World Kindness Day (November 13) was introduced in 1998, after a conference in Japan looked at ways to “see a kinder world realised in our lifetime”. The big idea was to boost our collective generosity and empathy. Nothing political, religious or commercial. Instead, to focus on connection, positive values and everyday actions, and consider how those things might increase wellbeing.
Organisers say the purpose of WKD is to highlight and encourage good deeds in your community, and ask “what random acts of kindness will you do today?” These can be little things like smiling at a stranger or being there for a friend. Maybe you leave water out for the birds on a hot day, or feed a stray animal. Carry a neighbour’s shopping. Offer to look after your sister’s kids so she can go on a date. The possibilities are endless. What links them is the idea that kindness ripples outward. Cumulatively, these small acts might very well change the world.
In fact, kindness is proven to snowball. Psychologists at Stanford studied how witnessing kindness inspires kindness – “that people imitate not only the particulars of positive actions, but also the spirit underlying them.” So when you tell someone you have donated to a charity, that person is more likely to make a donation themselves.
Which brings me to my purpose in writing this. (Sorry, not sorry for having an agenda!) I’m an ambassador for Be Kind Sydney, an initiative of the Sydney Women’s Fund, designed to support local charities. During the lockdowns, many of these charities faced a huge surge in demand for their services, while it was harder than ever for them to fundraise. I’m hoping that by telling you about the power of kindness, you’ll be more inclined to donate on World Kindness Day.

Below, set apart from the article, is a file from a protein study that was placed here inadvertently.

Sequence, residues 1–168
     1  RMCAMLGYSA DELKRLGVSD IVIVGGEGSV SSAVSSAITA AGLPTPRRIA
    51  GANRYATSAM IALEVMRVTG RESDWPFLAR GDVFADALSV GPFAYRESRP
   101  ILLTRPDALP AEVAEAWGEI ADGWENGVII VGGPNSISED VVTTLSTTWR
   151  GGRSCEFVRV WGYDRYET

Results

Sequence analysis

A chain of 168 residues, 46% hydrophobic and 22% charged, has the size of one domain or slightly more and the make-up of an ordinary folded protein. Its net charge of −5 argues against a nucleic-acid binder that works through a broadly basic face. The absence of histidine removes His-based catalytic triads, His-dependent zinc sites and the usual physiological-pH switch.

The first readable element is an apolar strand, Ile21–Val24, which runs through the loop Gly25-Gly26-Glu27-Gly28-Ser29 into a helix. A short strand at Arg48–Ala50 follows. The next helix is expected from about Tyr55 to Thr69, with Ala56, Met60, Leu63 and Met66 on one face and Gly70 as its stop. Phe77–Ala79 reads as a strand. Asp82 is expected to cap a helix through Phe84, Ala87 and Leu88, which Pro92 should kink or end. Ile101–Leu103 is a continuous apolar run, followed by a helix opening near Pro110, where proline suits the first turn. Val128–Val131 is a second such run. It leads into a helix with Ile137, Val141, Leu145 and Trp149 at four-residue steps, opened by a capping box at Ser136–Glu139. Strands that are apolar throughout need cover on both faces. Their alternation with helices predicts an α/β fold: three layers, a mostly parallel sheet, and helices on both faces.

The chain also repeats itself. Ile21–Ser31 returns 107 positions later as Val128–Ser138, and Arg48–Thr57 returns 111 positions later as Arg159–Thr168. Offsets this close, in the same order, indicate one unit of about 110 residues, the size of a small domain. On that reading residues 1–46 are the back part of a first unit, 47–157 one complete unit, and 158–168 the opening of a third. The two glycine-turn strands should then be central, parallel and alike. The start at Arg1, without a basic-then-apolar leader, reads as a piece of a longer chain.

You’d be forgiven for thinking that kindness fell out of fashion. Our dominant cultural narratives have defined success as power and money. Never mind keeping up with Joneses – the thing was to beat them.
The pandemic only seemed to make this worse. Patriarchy, colonialism and late-stage capitalism have delivered inequalities at monstrous scale, so that we now have a situation where eight billionaire blokes control half the world’s riches. Homelessness, male violence and political corruption seem to be constantly in the news. And that chasm between the superrich and everyone else? It keeps on widening.
But I’d argue that it is not the people, but the systems we live in that are unkind. And that seems to be changing.
Bad behaviour may dominate the headlines, but there are millions more good behaviour moments. See, for evidence, how Melburnian Catherine Barrett’s Kindness Pandemic Facebook group caught on last year. Today, it has over half a million members, drawn by the call to inspire others by sharing news of everyday kindnesses.
Today the talk has turned decisively towards purpose, sustainability, belonging – and, yes, to kindness too. Gen Z aspires to activism and community, while progressive governments are increasingly widening their lens beyond GDP as the marker of success, to create policy around sustainable wellbeing and happiness. Economists from Tim Jackson and Kate Raworth to Jason Hickell and Joseph Stiglitz are encouraging us to consider prosperity without growth, and even life beyond capitalism, which Jackson describes as “a place where relationships and meaning take precedence over profits and power.”
And did you know that nine in 10 people think Australia would be a better place if everyone did at least one kind thing a day? In other words: we’ve got this. We just have to do the work.
This weekend, we’re aiming to raise $1 million, to be distributed as grants to 100 local charities. They include the Asylum Seekers Centre in Newtown, which saw a 100% increase in clients seeking help during the pandemic; and projects like the Village Pantry, which gives out free, healthy food hampers to vulnerable families in Canterbury and Bankstown. Coming from a fashion background, one of my favourite charities is Dress for Success, which helps women who’ve had a tough time get back into the job market, by providing coaching and smart outfits for interviews. I love the idea of access to useful clothes as a potential kindness.
So this weekend – and every day, really – choose kindness over ambivalence, and community over the individual. It might just change Australia for the better.